Wednesday, 4 September 2013

O yeah.

Aberdeen climbers are a bunch of choads. They have a typically insular scene so common in Scotland, made worse by a core of hoary old-timers as dour as the granite city itself and attendant scyophantic acolytes who try to keep the coast on lockdown. Their undue pride in and myopic devotion to the pokey little crags and lineless boulders of greasy schist and grubby granite blinds them to the realities of the area and excludes all else especially the input of outsiders. Their determination to keep Aberdeen climbing as an esoteric backwater extends to  obtuse guidebooks and obstreporous grading and works only too well to keep the crags as offputting as possible.

Aberdeen climbers are a great bunch. They are the most thriving and active trad scene in Scotland but also relish the full spectrum of climbing from cragging to mountains to bouldering to sport. They extend the mix-and-match approach of the off-shore scene to a welcoming vibe that includes offcomers into the melting pot of climbing partners. Their dedication to local cragging extends to cleaning, developing, and sharing conditions and advice. They have the vision to develop new sport lines near trad venues without them spoiling established routes, and new trad venues that are wholly appropriate, and the decency to publicise these venues so others can enjoy it.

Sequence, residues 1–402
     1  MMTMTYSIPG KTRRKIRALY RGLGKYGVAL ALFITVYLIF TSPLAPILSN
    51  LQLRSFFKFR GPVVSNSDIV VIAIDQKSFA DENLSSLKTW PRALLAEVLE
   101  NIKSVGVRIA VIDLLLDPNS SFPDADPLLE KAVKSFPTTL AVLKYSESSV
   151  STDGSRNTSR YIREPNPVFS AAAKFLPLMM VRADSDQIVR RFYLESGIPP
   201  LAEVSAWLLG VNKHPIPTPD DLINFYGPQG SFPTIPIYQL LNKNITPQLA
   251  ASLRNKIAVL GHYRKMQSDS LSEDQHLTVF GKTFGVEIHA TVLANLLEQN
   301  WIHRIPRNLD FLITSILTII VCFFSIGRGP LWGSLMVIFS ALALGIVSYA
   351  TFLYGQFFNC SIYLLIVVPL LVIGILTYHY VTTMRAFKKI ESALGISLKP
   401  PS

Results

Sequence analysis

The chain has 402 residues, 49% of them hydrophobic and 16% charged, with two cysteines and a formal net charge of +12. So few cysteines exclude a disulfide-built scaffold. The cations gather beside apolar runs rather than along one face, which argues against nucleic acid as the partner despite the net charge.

Which ones of these statements is true?

Are they both true?

Are they both false?

Is it a black and white statement of a climbing scene? Or more likely, is it shades of grey? Perhaps shades of gay(lord) in some cases...

Suffice to say, having been to Little O Wall with ex-weeg and now-local PJ the other week and quite enjoyed it, I went back with ex-weeg/ex-burg and now semi-local raider Geek this week to chase up a remaining inspiration there. In what seems to be a typical Aberdonian style, Little O has been discovered recently on the doorstep of the alarming sport venue Orchestra Cave and thoroughly developed into a fine, if rather slanty, trad venue. If the Central Belt sport climbing hordes had got their hands on it no doubt it would be a great shit and pointless sport climbing crag, but up on the Coast common sense still prevails and it's a very worth addition to the coastal trad (just like the Johnsheugh refurbishment last year). Of course it's still as fickle with conditions, sometimes tricky protection and rock, and as an extra bonus for this crag, a distinctly evil tilt to the holds sloping down leftwards. A good test of balance and persistence - including Timpani Wall which was a good challenge, quite reasonable but still slightly arduous for a series of hands off rests!

All good stuff. I wonder what they have up their sleeves up there next...

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